So, strap on your bowling shoes, and let’s score some strikes.
(Be sure to check out the wall of fame, which pretty much includes a hand full of Celtics, Red Sox, and Patriots players)
With spring just around the corner (fingers crossed) it’s time to revamp your gardens. I never really got into flowers or gardening until I moved to Boston and lived in a concrete city. In the past five years I have found a newfound appreciation for flowers and plants. When the trees start to blossom I feel like the stars have aligned.
Anyway, this weekend is the last two days of the Boston Flower & Garden Show. I’ve never been to one of these so I can’t give you first-hand experience of what to expect, but after some research I can tell you there will be: 30 landscaped gardens, demonstrations, garden teas, competitions, lectures, and retail vendors. This year’s theme is “A Feast for the Senses.” On Sunday, at 11:30 a.m. Patti Moreno of Gardengirltv.com will host a lecture on Urban Sustainable Living.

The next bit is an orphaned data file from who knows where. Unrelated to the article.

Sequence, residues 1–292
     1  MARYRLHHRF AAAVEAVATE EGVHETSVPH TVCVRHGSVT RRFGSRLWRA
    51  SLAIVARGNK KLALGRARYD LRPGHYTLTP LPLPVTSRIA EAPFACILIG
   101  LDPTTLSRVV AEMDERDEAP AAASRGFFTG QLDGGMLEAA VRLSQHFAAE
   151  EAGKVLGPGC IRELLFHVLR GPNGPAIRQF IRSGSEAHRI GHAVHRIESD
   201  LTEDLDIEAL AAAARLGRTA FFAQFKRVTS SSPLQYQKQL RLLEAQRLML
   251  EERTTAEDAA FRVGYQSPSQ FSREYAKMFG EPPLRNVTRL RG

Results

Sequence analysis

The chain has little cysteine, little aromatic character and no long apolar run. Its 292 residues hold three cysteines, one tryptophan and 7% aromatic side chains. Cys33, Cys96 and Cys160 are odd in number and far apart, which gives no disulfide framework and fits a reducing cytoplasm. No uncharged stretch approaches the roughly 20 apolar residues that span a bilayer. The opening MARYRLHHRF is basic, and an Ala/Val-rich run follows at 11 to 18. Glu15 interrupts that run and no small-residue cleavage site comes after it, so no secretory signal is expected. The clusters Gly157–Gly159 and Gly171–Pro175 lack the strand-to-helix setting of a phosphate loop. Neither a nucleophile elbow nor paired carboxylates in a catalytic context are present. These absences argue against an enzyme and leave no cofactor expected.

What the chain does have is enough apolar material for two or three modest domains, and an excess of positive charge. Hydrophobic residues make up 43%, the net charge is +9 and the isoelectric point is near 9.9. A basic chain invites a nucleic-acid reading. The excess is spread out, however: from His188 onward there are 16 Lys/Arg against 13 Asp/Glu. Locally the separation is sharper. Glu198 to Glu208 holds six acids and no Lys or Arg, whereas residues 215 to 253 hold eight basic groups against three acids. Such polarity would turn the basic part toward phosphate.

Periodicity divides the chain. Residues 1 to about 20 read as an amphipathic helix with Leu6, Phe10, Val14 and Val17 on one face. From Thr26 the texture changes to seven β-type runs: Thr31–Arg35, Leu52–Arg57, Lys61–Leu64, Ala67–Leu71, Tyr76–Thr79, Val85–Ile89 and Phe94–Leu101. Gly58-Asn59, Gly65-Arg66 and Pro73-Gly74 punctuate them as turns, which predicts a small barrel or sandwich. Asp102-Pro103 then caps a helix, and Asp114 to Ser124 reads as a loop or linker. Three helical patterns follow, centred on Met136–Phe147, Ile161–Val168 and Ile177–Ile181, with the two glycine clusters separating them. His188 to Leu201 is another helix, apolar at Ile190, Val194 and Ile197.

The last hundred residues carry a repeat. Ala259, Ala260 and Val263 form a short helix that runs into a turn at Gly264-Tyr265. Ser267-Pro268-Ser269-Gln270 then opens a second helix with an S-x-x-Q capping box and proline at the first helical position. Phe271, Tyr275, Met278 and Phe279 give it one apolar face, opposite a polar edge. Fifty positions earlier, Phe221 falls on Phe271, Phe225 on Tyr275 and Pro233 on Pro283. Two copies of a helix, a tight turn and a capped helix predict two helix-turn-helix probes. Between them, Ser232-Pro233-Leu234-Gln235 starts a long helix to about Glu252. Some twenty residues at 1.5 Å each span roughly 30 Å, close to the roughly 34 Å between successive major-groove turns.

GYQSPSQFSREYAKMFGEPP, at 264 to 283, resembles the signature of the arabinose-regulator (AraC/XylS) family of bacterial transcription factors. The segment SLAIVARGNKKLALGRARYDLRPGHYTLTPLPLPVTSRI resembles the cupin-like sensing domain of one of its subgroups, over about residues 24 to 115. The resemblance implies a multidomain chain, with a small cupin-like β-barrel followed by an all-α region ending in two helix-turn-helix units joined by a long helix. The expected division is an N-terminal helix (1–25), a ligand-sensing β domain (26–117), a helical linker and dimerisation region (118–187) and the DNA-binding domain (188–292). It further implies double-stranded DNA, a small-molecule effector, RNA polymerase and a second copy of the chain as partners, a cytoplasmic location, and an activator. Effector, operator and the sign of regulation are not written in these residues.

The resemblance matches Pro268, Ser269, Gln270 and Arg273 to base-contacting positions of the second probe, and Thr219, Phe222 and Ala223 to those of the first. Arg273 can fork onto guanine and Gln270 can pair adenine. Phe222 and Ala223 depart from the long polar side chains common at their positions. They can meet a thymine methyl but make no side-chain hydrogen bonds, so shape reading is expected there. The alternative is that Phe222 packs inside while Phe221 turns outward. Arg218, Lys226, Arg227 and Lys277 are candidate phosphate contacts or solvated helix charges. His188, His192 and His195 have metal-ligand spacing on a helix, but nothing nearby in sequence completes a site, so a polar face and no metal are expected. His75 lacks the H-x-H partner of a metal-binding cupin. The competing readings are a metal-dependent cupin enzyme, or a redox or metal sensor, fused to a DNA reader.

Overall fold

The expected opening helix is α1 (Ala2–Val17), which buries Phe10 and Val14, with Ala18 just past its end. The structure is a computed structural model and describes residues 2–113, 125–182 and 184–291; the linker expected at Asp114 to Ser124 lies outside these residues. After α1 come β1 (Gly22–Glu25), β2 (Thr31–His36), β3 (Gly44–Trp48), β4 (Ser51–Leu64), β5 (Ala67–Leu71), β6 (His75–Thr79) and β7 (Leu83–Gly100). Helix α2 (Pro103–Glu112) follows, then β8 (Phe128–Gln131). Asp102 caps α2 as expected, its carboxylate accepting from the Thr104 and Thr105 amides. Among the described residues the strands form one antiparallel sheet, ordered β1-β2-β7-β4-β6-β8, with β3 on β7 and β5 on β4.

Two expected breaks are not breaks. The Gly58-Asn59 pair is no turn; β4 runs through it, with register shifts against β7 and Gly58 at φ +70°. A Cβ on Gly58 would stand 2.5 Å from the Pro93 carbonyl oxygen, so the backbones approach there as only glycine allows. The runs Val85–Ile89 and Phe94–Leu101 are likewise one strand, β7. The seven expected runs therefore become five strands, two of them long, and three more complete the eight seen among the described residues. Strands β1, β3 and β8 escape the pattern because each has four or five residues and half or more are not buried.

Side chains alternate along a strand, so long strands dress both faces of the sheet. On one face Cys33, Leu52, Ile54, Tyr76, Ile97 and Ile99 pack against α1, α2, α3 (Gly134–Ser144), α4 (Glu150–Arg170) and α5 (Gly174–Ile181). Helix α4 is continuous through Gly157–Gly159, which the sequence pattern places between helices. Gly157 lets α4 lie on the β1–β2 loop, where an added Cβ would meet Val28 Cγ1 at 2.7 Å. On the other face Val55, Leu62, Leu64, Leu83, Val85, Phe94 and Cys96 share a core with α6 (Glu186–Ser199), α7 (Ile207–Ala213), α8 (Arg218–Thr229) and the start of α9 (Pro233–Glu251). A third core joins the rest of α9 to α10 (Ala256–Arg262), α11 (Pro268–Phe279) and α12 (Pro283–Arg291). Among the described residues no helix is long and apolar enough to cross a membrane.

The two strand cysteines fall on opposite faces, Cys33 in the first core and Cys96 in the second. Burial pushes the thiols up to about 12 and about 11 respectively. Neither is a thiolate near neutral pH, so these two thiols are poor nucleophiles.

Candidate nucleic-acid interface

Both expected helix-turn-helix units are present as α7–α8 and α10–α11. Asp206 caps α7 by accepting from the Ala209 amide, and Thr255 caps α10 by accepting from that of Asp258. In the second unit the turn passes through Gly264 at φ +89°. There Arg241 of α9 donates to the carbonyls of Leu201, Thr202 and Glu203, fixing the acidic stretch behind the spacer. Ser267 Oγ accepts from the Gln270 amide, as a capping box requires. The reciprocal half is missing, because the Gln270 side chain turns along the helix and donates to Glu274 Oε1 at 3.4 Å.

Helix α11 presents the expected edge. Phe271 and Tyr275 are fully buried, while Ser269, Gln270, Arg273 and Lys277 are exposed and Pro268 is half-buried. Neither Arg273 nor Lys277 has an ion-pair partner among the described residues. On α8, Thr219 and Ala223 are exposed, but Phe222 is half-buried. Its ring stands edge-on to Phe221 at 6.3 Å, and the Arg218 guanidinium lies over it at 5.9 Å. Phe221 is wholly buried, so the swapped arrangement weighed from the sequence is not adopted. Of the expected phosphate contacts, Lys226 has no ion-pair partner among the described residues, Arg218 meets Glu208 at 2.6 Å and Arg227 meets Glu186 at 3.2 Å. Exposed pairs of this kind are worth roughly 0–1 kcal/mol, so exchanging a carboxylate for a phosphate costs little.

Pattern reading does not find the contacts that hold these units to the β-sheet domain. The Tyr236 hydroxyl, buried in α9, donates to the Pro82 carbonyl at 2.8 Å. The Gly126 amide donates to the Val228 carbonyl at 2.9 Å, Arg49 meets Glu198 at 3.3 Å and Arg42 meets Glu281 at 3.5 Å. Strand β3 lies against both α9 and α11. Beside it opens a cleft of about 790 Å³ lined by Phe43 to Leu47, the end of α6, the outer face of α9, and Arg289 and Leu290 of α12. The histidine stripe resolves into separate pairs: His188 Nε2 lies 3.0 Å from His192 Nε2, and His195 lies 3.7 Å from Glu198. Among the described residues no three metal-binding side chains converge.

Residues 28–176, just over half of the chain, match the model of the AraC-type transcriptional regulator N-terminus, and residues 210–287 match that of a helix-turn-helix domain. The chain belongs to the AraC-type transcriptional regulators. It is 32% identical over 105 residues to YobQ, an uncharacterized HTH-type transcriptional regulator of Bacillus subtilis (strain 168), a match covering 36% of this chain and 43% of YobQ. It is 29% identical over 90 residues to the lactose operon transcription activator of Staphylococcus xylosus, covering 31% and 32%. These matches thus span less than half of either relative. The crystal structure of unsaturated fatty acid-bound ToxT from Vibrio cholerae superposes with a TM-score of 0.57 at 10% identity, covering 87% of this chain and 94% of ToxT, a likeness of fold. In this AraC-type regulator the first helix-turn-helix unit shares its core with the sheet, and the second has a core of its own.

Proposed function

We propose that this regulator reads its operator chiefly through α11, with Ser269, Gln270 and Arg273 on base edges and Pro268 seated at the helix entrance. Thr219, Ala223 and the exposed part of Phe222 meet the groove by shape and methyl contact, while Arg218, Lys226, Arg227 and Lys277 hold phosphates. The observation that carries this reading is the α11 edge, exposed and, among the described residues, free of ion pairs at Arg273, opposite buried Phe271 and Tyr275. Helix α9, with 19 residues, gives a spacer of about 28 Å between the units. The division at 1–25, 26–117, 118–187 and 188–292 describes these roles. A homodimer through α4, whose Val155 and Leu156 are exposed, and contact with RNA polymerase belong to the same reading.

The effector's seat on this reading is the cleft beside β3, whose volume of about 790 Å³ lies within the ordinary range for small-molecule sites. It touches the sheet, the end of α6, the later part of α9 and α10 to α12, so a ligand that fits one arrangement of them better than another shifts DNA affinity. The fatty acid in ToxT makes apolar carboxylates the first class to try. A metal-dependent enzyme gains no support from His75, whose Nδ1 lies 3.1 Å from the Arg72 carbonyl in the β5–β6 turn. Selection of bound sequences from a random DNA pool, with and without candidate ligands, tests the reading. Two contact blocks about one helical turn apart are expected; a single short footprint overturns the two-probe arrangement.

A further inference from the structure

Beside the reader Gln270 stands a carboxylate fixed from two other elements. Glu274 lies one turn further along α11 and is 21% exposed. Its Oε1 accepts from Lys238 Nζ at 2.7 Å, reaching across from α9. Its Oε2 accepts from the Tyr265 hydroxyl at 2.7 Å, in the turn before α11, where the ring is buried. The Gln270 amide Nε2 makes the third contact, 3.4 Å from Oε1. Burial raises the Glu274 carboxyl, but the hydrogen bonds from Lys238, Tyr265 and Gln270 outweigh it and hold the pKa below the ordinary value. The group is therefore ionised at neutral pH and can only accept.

The show is hosted at the Seaport World Trade Center and tickets cost $20. The weather tomorrow is suppose to be in the high 30s, so we might as well pretend it’s spring somewhere, right?
I keep a blog, so obviously I’m interested in new media and the future of journalism. To spice up online content, a lot of news sources have turned to using maps. Simply using photographs is not enough in the 21st century of journalism so news outlets are enhancing the way consumers get their news.